Houston, TX 77005
4:00 p.m. Thursday, Jan. 31, 2013
On Campus | Alumni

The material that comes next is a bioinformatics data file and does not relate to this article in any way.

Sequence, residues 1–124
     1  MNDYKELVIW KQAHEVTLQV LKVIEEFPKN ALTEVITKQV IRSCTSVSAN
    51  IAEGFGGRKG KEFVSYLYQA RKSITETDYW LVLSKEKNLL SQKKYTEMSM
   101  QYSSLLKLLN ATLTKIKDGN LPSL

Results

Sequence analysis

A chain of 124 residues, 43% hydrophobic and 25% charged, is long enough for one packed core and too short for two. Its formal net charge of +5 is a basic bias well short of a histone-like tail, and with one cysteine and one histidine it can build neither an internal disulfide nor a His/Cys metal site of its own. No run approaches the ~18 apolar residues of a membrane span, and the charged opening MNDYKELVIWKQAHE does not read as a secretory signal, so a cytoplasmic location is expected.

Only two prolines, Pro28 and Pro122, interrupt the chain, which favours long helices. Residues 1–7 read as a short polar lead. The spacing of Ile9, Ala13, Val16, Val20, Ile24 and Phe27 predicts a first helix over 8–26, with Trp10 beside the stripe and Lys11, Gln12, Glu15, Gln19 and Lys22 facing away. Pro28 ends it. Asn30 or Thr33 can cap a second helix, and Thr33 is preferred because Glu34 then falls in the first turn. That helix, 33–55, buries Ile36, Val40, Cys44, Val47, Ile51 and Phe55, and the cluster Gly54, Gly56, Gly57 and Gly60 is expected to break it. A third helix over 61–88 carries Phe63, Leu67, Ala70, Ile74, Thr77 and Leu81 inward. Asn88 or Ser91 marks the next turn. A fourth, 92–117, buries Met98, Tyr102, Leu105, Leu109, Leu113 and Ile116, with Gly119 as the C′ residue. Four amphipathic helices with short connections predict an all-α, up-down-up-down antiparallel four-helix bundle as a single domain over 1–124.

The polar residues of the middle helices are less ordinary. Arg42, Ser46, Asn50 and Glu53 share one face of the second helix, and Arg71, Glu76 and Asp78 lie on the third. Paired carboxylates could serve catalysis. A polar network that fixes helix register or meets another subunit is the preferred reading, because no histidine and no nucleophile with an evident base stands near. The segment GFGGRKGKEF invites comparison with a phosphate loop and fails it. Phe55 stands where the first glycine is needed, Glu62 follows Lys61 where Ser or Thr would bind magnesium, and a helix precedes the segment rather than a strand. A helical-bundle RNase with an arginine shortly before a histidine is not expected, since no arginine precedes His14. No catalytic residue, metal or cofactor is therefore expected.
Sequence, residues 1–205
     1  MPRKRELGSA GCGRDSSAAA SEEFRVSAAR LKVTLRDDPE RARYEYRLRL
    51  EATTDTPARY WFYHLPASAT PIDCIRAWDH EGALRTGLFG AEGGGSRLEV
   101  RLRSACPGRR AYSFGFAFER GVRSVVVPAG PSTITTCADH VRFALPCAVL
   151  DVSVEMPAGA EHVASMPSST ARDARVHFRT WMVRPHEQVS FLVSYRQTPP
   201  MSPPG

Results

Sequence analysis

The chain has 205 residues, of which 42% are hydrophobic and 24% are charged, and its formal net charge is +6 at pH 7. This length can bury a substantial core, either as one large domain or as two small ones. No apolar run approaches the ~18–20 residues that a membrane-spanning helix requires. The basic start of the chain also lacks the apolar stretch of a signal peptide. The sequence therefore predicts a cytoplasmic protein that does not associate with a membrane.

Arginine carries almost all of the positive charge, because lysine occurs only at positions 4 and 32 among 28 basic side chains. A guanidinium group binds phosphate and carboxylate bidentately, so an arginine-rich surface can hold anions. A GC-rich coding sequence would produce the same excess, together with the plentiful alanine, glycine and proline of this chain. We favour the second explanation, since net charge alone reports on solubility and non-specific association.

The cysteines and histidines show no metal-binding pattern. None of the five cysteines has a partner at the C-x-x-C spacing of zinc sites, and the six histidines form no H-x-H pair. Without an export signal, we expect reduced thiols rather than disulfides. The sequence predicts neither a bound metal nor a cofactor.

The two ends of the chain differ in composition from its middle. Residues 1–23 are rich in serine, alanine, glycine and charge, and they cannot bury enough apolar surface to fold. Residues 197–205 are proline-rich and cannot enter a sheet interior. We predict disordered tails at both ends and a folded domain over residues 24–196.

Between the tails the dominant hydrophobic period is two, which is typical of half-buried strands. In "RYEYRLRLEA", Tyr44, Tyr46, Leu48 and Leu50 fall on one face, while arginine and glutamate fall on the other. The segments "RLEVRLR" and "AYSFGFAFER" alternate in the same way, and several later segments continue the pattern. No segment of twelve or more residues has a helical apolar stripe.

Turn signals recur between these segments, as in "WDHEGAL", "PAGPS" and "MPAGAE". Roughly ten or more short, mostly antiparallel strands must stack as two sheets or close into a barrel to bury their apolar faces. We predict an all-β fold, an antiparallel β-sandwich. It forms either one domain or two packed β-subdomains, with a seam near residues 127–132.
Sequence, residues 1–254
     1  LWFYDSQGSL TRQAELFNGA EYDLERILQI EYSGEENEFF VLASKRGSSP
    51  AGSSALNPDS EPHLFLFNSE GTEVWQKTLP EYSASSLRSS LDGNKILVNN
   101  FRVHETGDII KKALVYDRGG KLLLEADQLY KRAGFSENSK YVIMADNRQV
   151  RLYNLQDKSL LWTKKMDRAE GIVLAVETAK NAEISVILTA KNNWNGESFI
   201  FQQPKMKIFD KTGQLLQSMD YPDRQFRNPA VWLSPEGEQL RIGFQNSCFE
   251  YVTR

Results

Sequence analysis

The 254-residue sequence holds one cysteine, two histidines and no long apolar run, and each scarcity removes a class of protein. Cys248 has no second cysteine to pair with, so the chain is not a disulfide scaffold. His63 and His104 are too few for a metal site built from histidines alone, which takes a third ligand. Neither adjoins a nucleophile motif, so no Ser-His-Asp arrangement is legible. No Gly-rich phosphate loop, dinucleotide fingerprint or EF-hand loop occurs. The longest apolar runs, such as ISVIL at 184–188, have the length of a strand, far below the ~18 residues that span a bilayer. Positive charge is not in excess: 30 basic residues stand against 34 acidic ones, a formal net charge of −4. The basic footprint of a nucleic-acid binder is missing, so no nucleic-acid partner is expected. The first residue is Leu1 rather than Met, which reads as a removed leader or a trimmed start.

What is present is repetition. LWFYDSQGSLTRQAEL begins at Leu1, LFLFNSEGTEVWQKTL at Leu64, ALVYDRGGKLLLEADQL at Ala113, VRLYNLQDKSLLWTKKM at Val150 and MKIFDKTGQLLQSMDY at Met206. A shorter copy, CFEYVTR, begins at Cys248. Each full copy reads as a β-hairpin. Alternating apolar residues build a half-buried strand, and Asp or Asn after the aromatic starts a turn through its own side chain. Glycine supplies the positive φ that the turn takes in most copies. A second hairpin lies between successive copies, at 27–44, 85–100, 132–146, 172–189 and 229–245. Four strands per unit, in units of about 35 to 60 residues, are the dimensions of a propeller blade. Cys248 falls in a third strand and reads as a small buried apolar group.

I will discuss the paradigm that is widely known as "deterministic chaos" -- the appearance of irregular chaotic motions in purely deterministic dynamical systems on compact phase spaces. This phenomenon is considered to be one of the most fundamental discoveries in the theory of dynamical systems in the second part of the last century. It is due to instability of trajectories of the system that drives orbits apart, while compactness of the phase space forces them back together. The consequent unending dispersal and return of nearby trajectories is one of the hallmarks of chaos. The hyperbolic theory of dynamical systems provides a mathematical foundation for that paradigm and thus serves as a basis for the theory of chaos. The hyperbolic behavior can be interpreted in various ways and the weakest one is associated with dynamical systems with non-zero Lyapunov exponents. I will introduce various types of hyperbolicity and will describe their appearance and genericity. In particular, I will discuss the still-open problem of whether dynamical systems with non-zero Lyapunov exponents are generic. This genericity problem is closely related to two other important problems in dynamics on whether systems with non-zero Lyapunov exponents exist on any compact phase space and whether chaotic behavior can coexist with the regular one in a robust way.